Thank you for your great articles, they impart so much knowledge.
This query involves small Universal diesels on sailboats – particularly that the temp gauge sender and hi-temp switch can be problematic being located on the thermostat cap. Poor contact through to the block (cap gasket, sender/switch threads, cap bolt corrosion) can cause temp gauge inaccuracy.
I have a bonding wire that clamps around the body of the sender to make a good ground (see photo). Is that wise/acceptable? And it grounds to the nearest good location (the alt B- or a nearby neg buss for the engine panel harness and other negs.)
Is this ok? I’m rethinking that “just in case” it should be on an engine bolt or stud, possibly a stud on the water flange? But then it’s subject to the same corrosion issues as is the thermostat cap bolts.
In a quandary,
Ken Kloeber PE
P.S. The alt/starter are not of the isolated neg type.
You can augment the sender’s ground, however, the wire from the sender must not leave the engine, i.e. do not connect it to the battery or vessel negative bus, doing so could enable it to attempt to carry a portion of cranking or charging current. If the block’s primary DC negative cable were to be disconnected or otherwise compromised, that small grounding wire could attempt to carry hundreds of cranking amps, which would cause it to quickly overheat and potentially cause a fire. It should be connected to a block fastener, over a clean, unpainted surface. This will not lead to any unusual corrosion issues.
Generally, and for ABYC compliance, engines that do not utilize an insulated ground starter and alternator, i.e., the engine block is a current carrying part of the DC negative circuit, should not be part of the DC grounding (similar to bonding except we reserve that word for parts that are immersed in seawater) system, their DC negative cable is all that’s needed. If the engine does use isolated ground components, the block should have a supplemental grounding wire, one that is capable of carrying full fault current, i.e. it must have the same ampacity as the largest positive cable, which is usually the one that supplies power to the starter (it can be one size smaller than that cable).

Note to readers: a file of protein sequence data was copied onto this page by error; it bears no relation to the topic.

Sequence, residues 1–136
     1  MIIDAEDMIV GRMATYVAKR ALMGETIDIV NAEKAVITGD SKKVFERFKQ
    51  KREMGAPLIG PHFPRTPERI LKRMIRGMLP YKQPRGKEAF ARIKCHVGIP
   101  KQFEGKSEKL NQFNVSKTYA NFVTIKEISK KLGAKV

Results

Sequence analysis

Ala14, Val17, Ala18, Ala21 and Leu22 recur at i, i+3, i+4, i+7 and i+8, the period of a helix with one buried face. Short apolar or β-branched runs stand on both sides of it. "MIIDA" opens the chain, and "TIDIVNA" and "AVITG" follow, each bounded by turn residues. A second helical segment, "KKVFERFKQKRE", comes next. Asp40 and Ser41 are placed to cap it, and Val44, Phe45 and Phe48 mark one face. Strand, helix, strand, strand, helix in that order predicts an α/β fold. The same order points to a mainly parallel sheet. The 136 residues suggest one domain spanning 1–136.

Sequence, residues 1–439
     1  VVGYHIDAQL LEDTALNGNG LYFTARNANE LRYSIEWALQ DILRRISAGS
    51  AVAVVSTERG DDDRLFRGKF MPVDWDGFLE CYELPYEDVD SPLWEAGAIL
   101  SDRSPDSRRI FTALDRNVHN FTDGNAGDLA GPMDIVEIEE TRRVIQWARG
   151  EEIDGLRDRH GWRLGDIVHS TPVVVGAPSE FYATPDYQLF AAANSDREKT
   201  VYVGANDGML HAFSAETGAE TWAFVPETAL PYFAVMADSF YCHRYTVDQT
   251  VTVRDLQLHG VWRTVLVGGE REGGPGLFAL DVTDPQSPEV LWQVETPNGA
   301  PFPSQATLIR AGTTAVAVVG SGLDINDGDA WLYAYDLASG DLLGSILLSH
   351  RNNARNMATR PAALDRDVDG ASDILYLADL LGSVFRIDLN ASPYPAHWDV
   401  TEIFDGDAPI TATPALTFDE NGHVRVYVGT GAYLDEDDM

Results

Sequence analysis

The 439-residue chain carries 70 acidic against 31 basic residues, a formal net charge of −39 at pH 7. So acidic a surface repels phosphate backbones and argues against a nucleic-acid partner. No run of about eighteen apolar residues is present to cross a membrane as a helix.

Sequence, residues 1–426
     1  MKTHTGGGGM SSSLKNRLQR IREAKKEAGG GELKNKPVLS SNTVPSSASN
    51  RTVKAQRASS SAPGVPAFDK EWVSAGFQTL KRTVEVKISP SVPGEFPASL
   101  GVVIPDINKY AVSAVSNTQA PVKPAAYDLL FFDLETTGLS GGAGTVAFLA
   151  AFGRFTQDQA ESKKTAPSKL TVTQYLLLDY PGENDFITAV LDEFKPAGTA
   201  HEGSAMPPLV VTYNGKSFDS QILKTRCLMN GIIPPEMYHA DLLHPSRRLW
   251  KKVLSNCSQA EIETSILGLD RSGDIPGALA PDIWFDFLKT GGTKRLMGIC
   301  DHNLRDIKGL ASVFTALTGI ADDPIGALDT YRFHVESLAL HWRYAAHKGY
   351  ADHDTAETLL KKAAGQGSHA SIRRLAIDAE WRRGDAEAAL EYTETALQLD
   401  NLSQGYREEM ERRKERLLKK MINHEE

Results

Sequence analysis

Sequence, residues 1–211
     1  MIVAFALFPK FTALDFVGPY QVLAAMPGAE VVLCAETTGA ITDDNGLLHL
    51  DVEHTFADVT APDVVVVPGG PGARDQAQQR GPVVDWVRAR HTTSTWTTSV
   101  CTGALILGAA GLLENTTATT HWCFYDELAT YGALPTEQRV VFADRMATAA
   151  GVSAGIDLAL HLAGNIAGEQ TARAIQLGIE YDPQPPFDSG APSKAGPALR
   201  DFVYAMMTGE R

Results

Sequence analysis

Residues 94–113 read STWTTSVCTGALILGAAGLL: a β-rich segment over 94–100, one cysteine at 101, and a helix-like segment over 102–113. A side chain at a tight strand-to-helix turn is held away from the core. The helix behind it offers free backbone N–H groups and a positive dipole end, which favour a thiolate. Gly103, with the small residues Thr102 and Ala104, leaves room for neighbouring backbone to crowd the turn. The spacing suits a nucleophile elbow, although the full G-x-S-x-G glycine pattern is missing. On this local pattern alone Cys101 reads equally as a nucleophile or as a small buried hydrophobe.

More on undersized grounding here.
My boat has two battery banks, each bank is two 6-volt batteries wired in series making each bank 12 volts. The two banks are controlled by a selector switch… Off, 1, 2 or both.
I want to install a battery monitor on each bank to monitor them independently. Assuming the shunts are wired correctly on each bank, does it matter that the two banks share the same common ground on the engine?
Will I be able to achieve what I am trying to do?
Thank you very much for your time.
As long as the shunts are installed in the negative wires at each battery bank, after 12 volts is created, but before any other loads are connected, or paralleling occurs, the monitor will accurately read power consumption/use and charge to the battery banks individually. However, if cranking current is being pulled through this shunt, because one of these batteries is used for starting, make certain the shunt(s) is rated for that load. If it is not, when you crank the engine you could overload it, which could damage and it and lead to an open DC negative circuit, which in turn means no power would be available from the bank.